News Feed Discussions Weight gain and hernia mesh

  • Weight gain and hernia mesh

    Posted by ajm222 on April 20, 2018 at 1:37 am

    An experience I had this evening made me wonder about something. Incidentally, I’m about 5 1/2 weeks post op from an indirect inguinal hernia repaired with mesh laparoscopically (using robot).

    Anyway, I also have a recent history of some mild IBS. I’ve ultimately pinpointed that diet soda seems to be a problem for me in that regard. If I have more than one per day, I occasionally get really bad cramps and bloating. Well, today I had more than one and the bloating became really uncomfortable. It didn’t help that I had tight cloathing on that didn’t really stretch.

    After a while I also noticed that the inguinal area seemed to be getting really sore, more than it had since the first week or so after the operation. It has subsided already, at the same time as the bloating itself, but for a couple of hours I was super uncomfortable. It made me wonder if it was the bloating and my insides pressing against the mesh. Which then made me wonder if significant weight gain later on in life could potentially cause problems with the mesh due to stretching and pressure, especially if the mesh tends to shrink over time.

    About two years prior to the surgery I had lost about 50-55 pounds (my reward apparently being an eventual hernia). I had been overweight for about 18 years at that point, starting a year or two after college. So there’s always a chance I could gain the weight back, and I’m concerned that weight gain could be problematic when it comes to the mesh.

    I don’t recall reading anything about this before, except for maybe one random story where someone suggested when they gain some weight they start getting some discomfort.

    Just wondering if anyone had any thoughts or come across anything relating to this. Just curious.

    Thanks

    ajm222 replied 5 years, 10 months ago 4 Members · 5 Replies
  • 5 Replies
  • ajm222

    Member
    April 23, 2018 at 7:34 pm

    Thanks. I guess it’s a good excuse/motivation to stay on the thinner side. Just surprised I hadn’t read more about this.

  • Chaunce1234

    Member
    April 23, 2018 at 6:40 pm
    quote ajm222:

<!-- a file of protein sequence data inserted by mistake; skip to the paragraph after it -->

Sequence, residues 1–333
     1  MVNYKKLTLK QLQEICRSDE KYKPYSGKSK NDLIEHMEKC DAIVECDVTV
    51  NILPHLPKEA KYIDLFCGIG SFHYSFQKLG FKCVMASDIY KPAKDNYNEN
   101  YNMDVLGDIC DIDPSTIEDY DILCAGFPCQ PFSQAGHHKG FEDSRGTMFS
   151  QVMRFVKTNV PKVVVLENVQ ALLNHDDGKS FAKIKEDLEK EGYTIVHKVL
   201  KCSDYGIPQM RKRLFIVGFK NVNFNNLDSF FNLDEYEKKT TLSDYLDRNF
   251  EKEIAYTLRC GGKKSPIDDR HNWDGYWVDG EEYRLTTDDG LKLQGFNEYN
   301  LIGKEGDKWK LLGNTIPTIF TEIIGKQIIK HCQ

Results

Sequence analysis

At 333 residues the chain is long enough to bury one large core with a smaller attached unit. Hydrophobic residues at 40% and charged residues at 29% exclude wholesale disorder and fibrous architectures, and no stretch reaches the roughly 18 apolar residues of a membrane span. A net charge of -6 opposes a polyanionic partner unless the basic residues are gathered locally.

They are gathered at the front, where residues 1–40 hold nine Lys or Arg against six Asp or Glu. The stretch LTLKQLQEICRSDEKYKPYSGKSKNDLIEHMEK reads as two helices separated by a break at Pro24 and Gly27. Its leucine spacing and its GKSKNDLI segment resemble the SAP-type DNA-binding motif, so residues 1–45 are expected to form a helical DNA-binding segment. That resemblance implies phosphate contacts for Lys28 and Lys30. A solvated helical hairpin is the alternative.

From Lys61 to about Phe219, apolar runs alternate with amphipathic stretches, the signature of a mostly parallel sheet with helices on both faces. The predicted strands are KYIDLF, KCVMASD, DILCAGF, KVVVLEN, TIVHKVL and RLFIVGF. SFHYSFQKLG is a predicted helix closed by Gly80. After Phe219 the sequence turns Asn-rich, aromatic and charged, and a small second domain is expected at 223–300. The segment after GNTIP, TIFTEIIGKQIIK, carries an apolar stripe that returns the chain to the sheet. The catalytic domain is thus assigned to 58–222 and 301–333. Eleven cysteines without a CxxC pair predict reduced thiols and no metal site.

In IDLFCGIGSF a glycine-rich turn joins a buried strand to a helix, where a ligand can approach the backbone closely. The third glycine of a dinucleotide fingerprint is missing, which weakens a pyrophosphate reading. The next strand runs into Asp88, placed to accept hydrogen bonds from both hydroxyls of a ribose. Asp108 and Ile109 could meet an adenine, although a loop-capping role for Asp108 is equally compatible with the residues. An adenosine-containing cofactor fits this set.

An experience I had this evening made me wonder about something. Incidentally, I’m about 5 1/2 weeks post op from an indirect inguinal hernia repaired with mesh laparoscopically (using robot).

    Anyway, I also have a recent history of some mild IBS. I’ve ultimately pinpointed that diet soda seems to be a problem for me in that regard. If I have more than one per day, I occasionally get really bad cramps and bloating. Well, today I had more than one and the bloating became really uncomfortable. It didn’t help that I had tight cloathing on that didn’t really stretch.

    After a while I also noticed that the inguinal area seemed to be getting really sore, more than it had since the first week or so after the operation. It has subsided already, at the same time as the bloating itself, but for a couple of hours I was super uncomfortable. It made me wonder if it was the bloating and my insides pressing against the mesh. Which then made me wonder if significant weight gain later on in life could potentially cause problems with the mesh due to stretching and pressure, especially if the mesh tends to shrink over time.

    About two years prior to the surgery I had lost about 50-55 pounds (my reward apparently being an eventual hernia). I had been overweight for about 18 years at that point, starting a year or two after college. So there’s always a chance I could gain the weight back, and I’m concerned that weight gain could be problematic when it comes to the mesh.